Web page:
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Current Status

California’s physician-assisted dying law, ABX2-15 (AB-15), the End of Life Option Act, took effect on June 9, 2016.


In the 2018 legislative session, Assembly Member Reginald Byron Jones-Sawyer, Sr. (D-Los Angeles) filed a bill, AB 282, updating the state’s Penal Code to say that actions undertaken under the End of Life Option Act are exempted from prosecution for aiding suicide. The bill passed unanimously in the Committee on Public Safety on January 9, 2018.

In addition, in February 2018, California State Senator Morrell (R) filed SB 1336, which would require the patient inform their physician of reasons, selected from a list of four, for requesting the meds, and the bill would also make changes to the annual report.

Legal Challenge

On the day the Act went into effect, a group of anti-choice physicians filed a lawsuit seeking to halt the Act’s implementation. Riverside County Superior Court Judge Daniel A. Ottoliaa denied their request for an injunction to stop the new law from taking effect. However, the Judge allowed a portion of the suit to proceed; a trial is set for September 28, 2018. Learn more here →



In the 2016 session, we proposed a bill that would have created a toll-free telephone line, operated by the California Department of Public Health, providing unbiased information to Californians about their rights and responsibilities under the new End of Life Option Act. SB 1002, the End of Life Option Telephone Number, passed out of the Senate Committee on Health on March 30, 2016, 5 to 2, but then got voted down in the Appropriations Committee. Instead, the California Department of Public Health features all pertinent information on its website.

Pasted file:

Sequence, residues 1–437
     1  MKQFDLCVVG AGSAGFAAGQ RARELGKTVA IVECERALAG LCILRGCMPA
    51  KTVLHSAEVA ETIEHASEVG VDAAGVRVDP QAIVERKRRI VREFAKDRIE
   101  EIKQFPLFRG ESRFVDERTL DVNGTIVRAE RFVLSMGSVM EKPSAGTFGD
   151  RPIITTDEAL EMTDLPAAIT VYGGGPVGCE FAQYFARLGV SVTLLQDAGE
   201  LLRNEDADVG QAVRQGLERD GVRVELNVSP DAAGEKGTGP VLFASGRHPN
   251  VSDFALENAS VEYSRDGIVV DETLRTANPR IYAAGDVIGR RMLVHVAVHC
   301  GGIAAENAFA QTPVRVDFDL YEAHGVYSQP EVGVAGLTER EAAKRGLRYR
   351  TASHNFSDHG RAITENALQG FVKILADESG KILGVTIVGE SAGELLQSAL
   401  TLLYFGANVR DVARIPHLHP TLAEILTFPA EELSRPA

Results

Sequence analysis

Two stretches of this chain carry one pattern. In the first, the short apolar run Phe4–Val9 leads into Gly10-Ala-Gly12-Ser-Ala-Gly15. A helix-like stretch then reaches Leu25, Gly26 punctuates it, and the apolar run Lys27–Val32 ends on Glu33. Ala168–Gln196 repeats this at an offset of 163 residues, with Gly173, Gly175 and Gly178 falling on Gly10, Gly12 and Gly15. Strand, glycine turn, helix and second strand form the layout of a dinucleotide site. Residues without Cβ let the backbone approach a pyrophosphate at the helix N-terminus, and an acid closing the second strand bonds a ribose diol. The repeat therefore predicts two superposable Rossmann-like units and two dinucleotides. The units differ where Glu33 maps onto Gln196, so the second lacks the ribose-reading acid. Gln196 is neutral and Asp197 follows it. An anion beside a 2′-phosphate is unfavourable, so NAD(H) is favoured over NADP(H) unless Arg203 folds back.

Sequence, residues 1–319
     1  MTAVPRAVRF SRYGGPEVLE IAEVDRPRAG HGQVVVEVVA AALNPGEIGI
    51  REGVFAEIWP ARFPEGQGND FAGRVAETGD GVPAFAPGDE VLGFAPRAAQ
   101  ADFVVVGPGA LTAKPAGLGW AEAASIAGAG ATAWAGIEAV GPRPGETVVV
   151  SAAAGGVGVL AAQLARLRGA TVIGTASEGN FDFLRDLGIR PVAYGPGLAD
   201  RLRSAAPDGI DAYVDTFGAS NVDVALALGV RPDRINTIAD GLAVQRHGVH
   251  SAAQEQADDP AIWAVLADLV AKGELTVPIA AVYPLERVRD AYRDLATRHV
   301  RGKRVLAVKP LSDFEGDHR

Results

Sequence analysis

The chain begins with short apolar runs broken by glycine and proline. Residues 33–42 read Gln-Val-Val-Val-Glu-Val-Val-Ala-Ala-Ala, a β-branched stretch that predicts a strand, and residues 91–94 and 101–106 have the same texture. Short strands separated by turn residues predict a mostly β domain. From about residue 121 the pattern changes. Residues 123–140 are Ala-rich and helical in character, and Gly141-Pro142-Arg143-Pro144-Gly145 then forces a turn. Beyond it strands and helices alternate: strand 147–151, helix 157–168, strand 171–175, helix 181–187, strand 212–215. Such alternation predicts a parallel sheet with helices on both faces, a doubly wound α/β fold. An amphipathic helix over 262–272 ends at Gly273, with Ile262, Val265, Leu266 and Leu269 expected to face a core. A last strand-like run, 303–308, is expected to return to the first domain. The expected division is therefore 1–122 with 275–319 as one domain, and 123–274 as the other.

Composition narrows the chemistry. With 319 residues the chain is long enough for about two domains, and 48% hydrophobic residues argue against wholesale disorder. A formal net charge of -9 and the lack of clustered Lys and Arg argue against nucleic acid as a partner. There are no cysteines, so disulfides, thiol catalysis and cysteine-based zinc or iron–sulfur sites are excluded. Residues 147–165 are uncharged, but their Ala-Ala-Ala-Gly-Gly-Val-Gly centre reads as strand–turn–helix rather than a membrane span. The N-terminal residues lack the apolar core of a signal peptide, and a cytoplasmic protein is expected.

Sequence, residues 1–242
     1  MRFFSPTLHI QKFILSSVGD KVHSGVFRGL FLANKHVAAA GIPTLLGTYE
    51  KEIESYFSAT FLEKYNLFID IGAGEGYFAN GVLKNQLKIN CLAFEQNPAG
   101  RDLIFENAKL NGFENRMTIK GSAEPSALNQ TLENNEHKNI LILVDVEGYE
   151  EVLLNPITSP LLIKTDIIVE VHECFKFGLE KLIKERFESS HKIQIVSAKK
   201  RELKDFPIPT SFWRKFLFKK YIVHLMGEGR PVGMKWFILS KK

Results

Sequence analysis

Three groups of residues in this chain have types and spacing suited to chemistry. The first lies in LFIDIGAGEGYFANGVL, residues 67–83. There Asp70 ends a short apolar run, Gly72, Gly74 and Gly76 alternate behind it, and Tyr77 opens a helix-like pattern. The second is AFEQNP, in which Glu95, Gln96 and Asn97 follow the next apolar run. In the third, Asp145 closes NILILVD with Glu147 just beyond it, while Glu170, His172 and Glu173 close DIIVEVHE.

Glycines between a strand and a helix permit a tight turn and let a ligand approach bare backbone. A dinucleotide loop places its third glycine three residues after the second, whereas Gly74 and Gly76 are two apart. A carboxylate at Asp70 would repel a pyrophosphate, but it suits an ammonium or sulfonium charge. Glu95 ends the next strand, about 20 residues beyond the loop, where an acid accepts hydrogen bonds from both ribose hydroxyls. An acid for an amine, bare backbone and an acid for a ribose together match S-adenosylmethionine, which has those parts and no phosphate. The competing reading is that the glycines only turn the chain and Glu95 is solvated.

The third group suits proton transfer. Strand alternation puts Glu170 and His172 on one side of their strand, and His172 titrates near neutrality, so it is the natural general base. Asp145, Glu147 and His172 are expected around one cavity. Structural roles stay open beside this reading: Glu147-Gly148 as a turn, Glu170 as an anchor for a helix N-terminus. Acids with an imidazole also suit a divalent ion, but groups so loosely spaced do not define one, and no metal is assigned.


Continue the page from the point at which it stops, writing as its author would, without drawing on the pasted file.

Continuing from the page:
California State Senators Bill Monning (D-Carmel) and Lois Wolk (D-Davis) introduced SB 128, End of Life Option Act, on January 21, 2015. The bill sailed through the Senate but was pulled from consideration in the Assembly due to insufficient support.

Assembly Members Susan Talamantes Eggman (D-Stockton), Mark Stone (D-Monterey Bay), and several others introduced an amended version of SB 128, in an extraordinary legislative session dedicated to healthcare. Both the Assembly and the Senate approved the bill in September, on a 42 to 33 and 23 to 14 vote, respectively.

Governor Brown signed the bill on October 5. The California End of Life Option Act closely follows the model of the Oregon Death with Dignity Act with some modifications, most of which are required to comply with the California statute.

The California Medical Society changed its position on the then-proposed law from opposed to neutral in June 2015.


The California law came after 25 years of effort. Death with Dignity Political Fund has provided strategic support for the effort in California.


  • Implementation forms – Written Request for Medications; Interpreter Declaration; Final Attestation


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Death with dignity opponents in Congress are trying to repeal the Washington D.C. Death with Dignity Act through the federal budget process. If they have their way, they’ll go on to repeal the rights of qualified terminally ill citizens in California and elsewhere, and ban assisted dying nationwide. Help us win this fight. Send a letter to your U.S. Representative and Senators asking them to keep the repeal provision out of this year's spending bill.

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Patients and family members are the most powerful voices to advocate for assisted dying. Share the story about exercising your or your loved one's right to aid in dying under the California End of Life Option Act.